The dish has to be adjusted to the new position of the sun every 10 minutes or so. It takes about 55 minutes to prepare a meal of rice, lentils and vegetables on a sunny day.
The Council plans to supply a total of 6,300 cookers benefiting more than 75,000 refugees. The cookers have alleviated pressure on the scarce natural resources of the region and reduced kerosene consumption by 75%, with a consequent reduction in carbon dioxide emissions. Just as importantly, they will also reduce the incidence of respiratory illnesses caused by smoke inhalation, a major health problem in the developing world.
fire without smoke
Sourcing fuel has been a major problem for the 106,000 Bhutanese refugees living in southern Nepal. The forests in the Jhapa and Morang districts where they live could never sustainably provide the firewood needs of such a large population, and until recently the United Nations High Commission for Refugees (UNHCR) was distributing 80,000 litres of kerosene a week for cooking use.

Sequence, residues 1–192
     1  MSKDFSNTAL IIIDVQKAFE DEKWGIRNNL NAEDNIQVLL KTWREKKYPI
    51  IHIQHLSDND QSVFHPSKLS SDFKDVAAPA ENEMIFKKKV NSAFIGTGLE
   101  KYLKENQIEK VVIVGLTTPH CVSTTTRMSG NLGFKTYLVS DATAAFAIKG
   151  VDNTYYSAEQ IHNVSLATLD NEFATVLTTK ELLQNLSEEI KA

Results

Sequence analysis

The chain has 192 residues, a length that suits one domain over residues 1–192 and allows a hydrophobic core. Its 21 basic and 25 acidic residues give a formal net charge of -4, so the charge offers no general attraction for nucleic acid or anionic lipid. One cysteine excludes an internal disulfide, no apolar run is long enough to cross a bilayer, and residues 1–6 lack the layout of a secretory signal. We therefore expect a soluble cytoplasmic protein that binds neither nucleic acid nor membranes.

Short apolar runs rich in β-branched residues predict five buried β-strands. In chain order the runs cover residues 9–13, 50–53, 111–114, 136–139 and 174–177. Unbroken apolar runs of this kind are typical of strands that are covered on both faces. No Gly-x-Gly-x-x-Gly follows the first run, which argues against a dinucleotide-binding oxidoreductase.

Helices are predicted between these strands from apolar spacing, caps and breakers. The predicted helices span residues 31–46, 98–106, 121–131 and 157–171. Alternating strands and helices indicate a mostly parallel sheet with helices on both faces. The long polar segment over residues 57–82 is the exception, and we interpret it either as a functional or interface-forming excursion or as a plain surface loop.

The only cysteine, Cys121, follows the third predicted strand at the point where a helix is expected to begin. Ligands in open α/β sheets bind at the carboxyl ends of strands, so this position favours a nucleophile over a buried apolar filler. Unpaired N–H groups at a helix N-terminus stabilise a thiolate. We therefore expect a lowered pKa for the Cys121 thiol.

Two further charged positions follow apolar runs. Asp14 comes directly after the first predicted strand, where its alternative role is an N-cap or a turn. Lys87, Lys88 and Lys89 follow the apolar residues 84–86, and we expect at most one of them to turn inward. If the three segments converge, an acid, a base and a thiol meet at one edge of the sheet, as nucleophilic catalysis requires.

To tackle the problem the Dutch Refugee Council funded tests using solar energy. They were so successful that 2,500 solar cookers are now in use in the camps benefiting 30,000 refugees. The cookers consist of a reflective, aluminium, parabolic-shaped device that concentrates the sun's rays onto cooking pots placed on a frame in the centre of the dish.